I assume the Hill Sphere formula here was meant for two bodies with a vast disparity in mass?https://en.wikipedia.org/wiki/Hill_sphe ... d_examples
Because if the less massive body has more than 3/8 the mass of the more massive body, the Hill Sphere radius is more than half the semi-major axis - meaning the LESS massive body would dominate the attraction of bodies even in some cases when they were closer to the MORE massive body than to itself. For example if the less massive body has 8/9 the mass of the more massive body, its Hill Sphere radius is 2/3 (cube root of 8/27) the semi-major axis, meaning it includes object twice as far from it than from the more massive body. Which kind of doesn´t make sense, when you think about it. Or at least *I* cannot make sense of it - and unfortunately these are the sorts of mass disparities that we´re going to find among many a binary pair.
It occurred to me, however, that the rules so far already allow for smaller zones of stable orbits around the less massive (or at least less luminous) star of the pair:
The rules use orbital shells whose radius depends on the parent star´s luminosity. So if star A of a binary pair was identical to Sol, and star B had a luminosity 0.25 times that of Sol, the orbital radius of the "sweet spot" orbital shell (the one that gets the same amount of energy from its star that Earth gets from Sol) around star B would be half that of Sol´s sweet spot, i.e. 0.5 AU. Since a difference of 10 orbital shells equal half/twice the orbital radius, the orbital radius of star A´s shell 0 and star B´s shell 10 would be identical - 1.0 AU.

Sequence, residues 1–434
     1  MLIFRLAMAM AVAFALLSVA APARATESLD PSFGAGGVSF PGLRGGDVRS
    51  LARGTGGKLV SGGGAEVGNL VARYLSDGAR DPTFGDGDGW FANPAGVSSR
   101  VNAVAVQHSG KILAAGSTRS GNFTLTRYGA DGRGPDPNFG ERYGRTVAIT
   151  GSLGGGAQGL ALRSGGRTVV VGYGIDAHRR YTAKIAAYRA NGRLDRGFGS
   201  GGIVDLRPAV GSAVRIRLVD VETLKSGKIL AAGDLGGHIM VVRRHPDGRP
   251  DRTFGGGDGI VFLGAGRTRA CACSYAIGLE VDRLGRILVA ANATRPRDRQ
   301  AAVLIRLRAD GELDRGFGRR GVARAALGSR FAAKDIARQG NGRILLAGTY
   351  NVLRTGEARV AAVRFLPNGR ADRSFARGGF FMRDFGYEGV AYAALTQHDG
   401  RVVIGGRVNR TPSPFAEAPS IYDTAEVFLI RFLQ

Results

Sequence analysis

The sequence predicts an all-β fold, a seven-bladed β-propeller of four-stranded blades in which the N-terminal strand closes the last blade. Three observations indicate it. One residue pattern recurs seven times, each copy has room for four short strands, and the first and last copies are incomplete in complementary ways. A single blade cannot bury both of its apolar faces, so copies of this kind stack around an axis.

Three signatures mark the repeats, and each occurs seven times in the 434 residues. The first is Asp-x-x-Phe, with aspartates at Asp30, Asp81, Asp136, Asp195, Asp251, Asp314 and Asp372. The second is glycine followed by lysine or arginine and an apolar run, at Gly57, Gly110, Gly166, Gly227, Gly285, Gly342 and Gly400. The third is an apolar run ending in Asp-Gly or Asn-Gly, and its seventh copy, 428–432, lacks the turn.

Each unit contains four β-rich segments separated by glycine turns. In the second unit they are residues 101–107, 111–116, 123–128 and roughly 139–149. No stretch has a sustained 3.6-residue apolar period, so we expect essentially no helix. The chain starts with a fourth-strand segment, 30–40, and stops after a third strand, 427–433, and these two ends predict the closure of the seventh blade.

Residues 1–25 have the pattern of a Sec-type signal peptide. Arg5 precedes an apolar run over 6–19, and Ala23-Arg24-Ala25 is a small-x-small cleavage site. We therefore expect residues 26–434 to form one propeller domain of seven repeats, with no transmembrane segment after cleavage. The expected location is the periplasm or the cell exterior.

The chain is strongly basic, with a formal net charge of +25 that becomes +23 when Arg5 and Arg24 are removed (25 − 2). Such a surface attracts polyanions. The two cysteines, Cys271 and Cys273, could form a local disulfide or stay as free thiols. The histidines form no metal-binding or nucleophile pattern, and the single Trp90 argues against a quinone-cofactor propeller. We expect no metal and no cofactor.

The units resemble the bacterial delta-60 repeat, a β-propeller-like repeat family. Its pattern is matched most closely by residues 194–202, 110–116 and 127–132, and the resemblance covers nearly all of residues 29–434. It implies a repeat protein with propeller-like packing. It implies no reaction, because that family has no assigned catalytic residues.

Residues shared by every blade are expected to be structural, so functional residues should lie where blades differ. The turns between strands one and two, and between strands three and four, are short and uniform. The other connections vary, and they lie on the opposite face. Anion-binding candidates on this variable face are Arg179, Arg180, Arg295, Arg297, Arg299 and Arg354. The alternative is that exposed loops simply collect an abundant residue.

So let´s say these two stars orbit each other at a distance of 4.0 AU, which would be orbital shell 20 for the more massive star, A. That means that, under the base model for stars of indentical mass, planets could orbit each at shell 0 or further in - 1.0 AU for star A.
Of course, given the disparity in mass, an orbit 1.0 AU out from the less massive star, B, wouldn´t be stable. But orbital shell 0 for star B isn´t at 1.0 AU, it´s at 0.5 AU.
So, a vastly simplified and probably mathematically blasphemous idea would be to simply assume that the reduction in zone of stable orbits due to lower mass and the reduction orbital radii of shells due to lower luminousity are roughly equivalent - so that "take the orbital shell of the more massive star at which the binary orbits each other, subtract 20 and use the result as the orbital shell of the less massive star that is its outer limit for stable planetary orbits" produces somewhat reasonable results.
Unfortunately, for all I can tell from looking at real star data, using luminosity as a proxy for mass in that rule appears to vastly overstate differences in mass - our hypothetical star B would probably be midway through spectral type K with 2/3 to 3/4 the mass of Sun. So the outer limit for stable orbit would be a lot smaller under this rule than in reality.
The rule also doesn´t account for the more massive star having a larger outer limit for stable orbits than it would if its companion had the same mass.
Both problems could be adressed, though, by reducing the minimum separation between the binary orbit and planets around each star by one shell for every X points of luminosity difference, up to a certain minimum.